Six E. coli strains as well as the type strain (ATCC 35469T) of E. fergusonii, the closest E. coli-related species [31], were selected for complete genome sequencing (Table 1). Among the E. coli strains, 2 were commensal: IAI1 (serogroup O8) was isolated from the faeces of a young healthy military conscript in the 1980s in France [23] and ED1a (serogroup O81) was isolated in the 2000s from the faeces of a healthy man in France and belongs to a human-specific widespread commensal clone that is increasing in frequency [55]. Four E. coli strains were pathogenic. Enteroaggregative E. coli strain 55989 was originally isolated from the diarrheagenic stools of an HIV-positive adult suffering from persistent watery diarrhea in Central African Republic [86]. The enteroaggragative pathotype is recognized as an emerging cause of diarrhoea in children and adults worldwide [87]. Among the three extraintestinal pathogenic strains, IAI 39 (serotype O7:K1) was isolated from the urine of a patient with pyelonephritis in the 1980s in France [23]. UMN026 (serotype O17:K52:H18) was isolated from a woman with uncomplicated acute cystitis in 1999 in the USA (Minnesota) and is a representative of a recently emerged E. coli clonal group (“clonal group A”) that is now widely disseminated and a cause of drug-resistant urinary tract and other extraintestinal infections [88]. S88 (serotype O45:K1:H7) was isolated in 1999 from the cerebro-spinal fluid of a new born with late-onset neonatal meningitis in France and represents what is now considered a highly virulent emerging clone in France [89]. These strains were distributed in 3 of the 4 main E. coli phylogenetic groups: IAI1 and 55989 belong to group B1, UMN026 and IAI392 belong to each of the two major subgroups within group D, and ED1a and S88 belong to subgroups VIII and IX, respectively, within group B2 [42]. Few data are available on E. fergusonii strains. They have been isolated from humans and warm blood animals, sometimes in pathogenic (intestinal and extraintestinal) conditions [90][92]. The main characteristics of the 14 strains (8 E. coli sensu strictu and 6 Shigella) with freely available genomes at the time of the study are presented in Table 1. These genomes were used for comparison purpose.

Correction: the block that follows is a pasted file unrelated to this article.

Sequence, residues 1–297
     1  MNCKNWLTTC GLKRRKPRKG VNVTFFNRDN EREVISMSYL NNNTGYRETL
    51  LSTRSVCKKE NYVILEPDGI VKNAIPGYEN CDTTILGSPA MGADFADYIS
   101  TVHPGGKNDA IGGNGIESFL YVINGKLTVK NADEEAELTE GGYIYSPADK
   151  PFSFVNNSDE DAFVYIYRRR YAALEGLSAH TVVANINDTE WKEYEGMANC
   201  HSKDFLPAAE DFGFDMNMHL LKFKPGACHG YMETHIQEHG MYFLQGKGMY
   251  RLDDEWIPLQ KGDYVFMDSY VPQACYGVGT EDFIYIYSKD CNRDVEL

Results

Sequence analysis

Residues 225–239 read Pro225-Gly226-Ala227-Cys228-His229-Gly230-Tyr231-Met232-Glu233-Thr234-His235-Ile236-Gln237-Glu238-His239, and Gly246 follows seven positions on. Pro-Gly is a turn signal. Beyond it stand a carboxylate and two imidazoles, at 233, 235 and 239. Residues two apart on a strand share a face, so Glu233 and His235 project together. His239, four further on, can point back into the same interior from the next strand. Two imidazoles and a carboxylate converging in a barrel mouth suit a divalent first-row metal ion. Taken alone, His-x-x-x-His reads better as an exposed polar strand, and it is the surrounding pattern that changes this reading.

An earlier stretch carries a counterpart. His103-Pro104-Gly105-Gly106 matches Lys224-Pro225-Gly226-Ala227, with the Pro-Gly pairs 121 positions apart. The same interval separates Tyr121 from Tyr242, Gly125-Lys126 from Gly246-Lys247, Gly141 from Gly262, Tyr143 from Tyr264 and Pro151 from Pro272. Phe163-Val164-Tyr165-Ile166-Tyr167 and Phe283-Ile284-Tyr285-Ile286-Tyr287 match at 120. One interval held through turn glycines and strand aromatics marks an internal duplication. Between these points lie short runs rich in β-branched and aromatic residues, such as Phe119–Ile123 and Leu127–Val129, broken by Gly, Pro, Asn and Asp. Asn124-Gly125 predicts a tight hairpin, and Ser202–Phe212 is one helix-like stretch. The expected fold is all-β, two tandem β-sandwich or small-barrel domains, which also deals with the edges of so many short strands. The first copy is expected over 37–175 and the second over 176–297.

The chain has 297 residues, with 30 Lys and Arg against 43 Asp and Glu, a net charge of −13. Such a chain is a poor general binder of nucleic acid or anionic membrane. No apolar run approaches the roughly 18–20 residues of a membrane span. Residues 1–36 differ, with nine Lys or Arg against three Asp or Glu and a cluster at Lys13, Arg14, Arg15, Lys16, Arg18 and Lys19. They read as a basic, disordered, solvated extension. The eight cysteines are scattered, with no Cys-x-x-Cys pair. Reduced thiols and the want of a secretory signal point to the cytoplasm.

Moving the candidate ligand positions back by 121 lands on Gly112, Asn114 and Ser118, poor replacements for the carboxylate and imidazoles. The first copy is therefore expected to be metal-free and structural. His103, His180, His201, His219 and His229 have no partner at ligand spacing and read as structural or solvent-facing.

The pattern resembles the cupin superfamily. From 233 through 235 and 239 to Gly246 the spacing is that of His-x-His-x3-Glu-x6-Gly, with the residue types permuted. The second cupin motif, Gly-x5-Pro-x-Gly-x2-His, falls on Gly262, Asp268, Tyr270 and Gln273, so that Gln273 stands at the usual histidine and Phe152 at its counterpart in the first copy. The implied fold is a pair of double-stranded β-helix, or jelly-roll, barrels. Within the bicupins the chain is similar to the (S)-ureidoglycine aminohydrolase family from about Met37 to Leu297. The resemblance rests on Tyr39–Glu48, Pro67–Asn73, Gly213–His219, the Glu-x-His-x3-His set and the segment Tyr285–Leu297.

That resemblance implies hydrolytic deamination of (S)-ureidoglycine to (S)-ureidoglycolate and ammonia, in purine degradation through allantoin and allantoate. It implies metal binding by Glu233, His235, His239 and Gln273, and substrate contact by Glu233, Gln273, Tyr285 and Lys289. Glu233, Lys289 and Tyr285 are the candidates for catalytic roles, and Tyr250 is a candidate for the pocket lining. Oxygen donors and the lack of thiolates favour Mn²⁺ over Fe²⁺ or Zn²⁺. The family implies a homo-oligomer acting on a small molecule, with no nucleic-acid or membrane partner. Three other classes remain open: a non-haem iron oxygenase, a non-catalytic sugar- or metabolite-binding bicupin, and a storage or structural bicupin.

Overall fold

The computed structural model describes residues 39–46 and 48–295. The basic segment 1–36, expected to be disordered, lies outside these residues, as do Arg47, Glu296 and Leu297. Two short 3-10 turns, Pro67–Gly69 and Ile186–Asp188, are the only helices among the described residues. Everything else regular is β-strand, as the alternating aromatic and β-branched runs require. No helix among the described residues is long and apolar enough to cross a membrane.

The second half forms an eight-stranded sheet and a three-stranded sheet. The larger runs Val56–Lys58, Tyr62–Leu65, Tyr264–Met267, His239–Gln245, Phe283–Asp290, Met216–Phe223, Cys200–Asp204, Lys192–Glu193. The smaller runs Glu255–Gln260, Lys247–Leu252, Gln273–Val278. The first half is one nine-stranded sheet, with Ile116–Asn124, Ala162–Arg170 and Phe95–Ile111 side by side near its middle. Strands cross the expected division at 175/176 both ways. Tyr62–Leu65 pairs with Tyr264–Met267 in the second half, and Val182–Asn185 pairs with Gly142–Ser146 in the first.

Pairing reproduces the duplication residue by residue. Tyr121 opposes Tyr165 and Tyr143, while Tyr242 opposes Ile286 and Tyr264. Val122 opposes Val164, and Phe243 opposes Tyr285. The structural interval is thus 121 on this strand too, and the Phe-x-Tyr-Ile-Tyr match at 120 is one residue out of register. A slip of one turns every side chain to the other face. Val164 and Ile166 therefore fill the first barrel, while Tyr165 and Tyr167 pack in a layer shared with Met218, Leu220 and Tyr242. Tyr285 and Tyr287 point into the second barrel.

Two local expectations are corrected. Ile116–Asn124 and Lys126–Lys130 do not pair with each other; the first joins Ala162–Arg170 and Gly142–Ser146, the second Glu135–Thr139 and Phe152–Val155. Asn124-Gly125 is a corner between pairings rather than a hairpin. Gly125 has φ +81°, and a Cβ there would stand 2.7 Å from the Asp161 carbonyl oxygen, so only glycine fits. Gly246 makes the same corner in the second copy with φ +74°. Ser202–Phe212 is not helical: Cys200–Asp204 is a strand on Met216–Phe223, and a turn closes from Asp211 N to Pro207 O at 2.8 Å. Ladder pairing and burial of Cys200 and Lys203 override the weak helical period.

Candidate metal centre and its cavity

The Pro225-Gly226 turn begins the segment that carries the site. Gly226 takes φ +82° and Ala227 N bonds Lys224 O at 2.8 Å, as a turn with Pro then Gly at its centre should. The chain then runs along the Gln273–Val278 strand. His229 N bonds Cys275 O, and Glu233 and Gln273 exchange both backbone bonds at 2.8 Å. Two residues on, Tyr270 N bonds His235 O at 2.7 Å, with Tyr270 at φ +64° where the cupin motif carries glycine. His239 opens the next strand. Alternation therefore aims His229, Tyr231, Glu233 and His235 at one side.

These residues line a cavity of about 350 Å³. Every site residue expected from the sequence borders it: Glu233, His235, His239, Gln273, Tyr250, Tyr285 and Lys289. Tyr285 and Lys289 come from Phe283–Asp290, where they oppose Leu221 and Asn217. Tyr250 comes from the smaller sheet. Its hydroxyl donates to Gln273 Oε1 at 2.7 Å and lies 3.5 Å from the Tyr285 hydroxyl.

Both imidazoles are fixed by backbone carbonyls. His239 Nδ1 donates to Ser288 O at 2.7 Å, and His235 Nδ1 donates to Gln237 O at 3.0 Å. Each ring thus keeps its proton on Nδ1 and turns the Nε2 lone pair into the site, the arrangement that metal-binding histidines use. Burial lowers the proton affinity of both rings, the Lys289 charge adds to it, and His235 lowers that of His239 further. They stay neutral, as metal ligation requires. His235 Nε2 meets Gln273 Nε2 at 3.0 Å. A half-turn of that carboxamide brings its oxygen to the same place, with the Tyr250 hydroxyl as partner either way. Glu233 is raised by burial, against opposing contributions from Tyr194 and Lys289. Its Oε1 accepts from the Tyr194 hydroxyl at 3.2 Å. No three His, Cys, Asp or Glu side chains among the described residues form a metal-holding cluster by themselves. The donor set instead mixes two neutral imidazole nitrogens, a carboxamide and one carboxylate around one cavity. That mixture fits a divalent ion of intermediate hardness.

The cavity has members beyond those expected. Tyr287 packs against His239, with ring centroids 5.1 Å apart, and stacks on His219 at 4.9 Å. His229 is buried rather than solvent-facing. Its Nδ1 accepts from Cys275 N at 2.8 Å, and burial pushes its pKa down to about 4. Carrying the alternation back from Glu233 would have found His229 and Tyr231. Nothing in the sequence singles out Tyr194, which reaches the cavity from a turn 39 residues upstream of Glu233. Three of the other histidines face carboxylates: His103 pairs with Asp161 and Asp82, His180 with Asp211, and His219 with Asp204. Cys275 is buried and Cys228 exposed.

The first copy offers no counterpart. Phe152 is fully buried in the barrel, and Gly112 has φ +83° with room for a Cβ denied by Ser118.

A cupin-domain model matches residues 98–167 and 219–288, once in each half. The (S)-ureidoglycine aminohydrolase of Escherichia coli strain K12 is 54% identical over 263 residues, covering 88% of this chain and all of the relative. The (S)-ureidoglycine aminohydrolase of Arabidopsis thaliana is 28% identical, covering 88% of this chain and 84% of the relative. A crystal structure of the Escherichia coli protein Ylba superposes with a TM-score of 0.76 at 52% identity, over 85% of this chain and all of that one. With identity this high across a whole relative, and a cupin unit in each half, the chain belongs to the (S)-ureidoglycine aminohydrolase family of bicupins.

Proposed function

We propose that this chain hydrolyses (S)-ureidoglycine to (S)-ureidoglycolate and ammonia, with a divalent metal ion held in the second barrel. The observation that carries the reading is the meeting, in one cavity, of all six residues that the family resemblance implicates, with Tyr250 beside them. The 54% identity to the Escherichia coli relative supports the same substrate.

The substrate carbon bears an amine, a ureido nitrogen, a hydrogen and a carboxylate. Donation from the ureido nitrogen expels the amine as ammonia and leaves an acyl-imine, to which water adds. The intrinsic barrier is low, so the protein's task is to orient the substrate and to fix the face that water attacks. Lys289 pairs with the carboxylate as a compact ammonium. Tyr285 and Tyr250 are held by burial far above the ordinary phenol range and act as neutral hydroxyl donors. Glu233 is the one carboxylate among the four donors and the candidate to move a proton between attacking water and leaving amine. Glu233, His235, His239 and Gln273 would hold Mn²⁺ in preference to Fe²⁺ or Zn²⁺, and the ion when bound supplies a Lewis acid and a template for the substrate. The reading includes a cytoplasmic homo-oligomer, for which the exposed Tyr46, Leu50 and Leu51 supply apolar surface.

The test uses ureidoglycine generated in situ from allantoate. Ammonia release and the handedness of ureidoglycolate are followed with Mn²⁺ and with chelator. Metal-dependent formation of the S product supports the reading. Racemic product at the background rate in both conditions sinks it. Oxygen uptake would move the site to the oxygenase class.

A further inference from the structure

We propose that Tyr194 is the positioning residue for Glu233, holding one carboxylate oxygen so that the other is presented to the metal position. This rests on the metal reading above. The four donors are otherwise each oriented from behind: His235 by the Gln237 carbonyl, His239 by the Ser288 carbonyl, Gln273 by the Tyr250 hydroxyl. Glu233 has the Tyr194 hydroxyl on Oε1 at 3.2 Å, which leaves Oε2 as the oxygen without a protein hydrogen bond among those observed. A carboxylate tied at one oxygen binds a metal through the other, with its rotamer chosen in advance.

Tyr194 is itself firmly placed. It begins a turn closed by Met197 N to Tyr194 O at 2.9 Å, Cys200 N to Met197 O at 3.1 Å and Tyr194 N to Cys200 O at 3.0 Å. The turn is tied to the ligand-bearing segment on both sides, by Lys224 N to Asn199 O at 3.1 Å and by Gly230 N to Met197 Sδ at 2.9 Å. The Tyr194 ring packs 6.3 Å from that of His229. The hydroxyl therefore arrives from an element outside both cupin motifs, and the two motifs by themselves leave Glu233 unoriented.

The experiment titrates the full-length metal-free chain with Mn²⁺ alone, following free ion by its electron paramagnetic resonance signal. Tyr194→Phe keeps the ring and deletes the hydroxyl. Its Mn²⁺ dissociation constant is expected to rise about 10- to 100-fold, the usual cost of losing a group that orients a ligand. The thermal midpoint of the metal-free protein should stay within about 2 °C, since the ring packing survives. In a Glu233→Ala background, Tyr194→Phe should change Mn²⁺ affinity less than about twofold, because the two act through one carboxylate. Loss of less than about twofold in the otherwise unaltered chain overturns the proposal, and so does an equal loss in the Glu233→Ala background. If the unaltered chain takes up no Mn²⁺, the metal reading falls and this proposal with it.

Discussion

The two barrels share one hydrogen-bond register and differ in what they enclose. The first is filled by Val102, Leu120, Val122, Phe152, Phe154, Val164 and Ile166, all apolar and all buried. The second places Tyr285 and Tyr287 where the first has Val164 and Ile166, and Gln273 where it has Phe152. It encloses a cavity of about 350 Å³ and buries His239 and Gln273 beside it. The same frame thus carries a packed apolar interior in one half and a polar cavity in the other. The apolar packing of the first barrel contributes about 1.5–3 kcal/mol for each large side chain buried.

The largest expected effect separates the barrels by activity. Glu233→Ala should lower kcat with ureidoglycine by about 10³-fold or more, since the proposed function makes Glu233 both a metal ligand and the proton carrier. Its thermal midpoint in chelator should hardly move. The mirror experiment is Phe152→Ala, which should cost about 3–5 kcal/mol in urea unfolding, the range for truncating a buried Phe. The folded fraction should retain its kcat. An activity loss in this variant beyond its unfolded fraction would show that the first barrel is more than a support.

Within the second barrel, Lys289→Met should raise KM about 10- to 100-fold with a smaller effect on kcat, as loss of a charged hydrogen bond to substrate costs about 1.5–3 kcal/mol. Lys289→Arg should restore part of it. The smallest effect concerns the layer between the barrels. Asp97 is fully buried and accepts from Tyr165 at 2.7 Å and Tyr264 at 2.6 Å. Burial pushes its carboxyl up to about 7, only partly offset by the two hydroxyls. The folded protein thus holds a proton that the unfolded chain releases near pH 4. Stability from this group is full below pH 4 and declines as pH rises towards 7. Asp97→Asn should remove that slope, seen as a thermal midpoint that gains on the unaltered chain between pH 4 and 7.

Three DNA libraries were constructed to determine, for each strain, the complete genome sequence. Two of the libraries were obtained after mechanical shearing of the genomic DNA and cloning of the resulting 3 kbp and 10 kbp inserts into plasmids pcDNA2.1 (Invitrogen) and pCNS (pSU18 derived), respectively. DNA fragments of about 30 kbp generated after partial digestion using HindIII and/or Sau3A were introduced into pBeloBac11. Vector DNAs were purified and end-sequenced using dye-terminator chemistries on ABI3730 sequencers to provide an average of 12-fold coverage for each genome. A pre-assembly was made without repeat sequences, as previously described [93] using Phred/Phrap/Consed software package ( The finishing step was achieved by primer walking, transposition and PCR.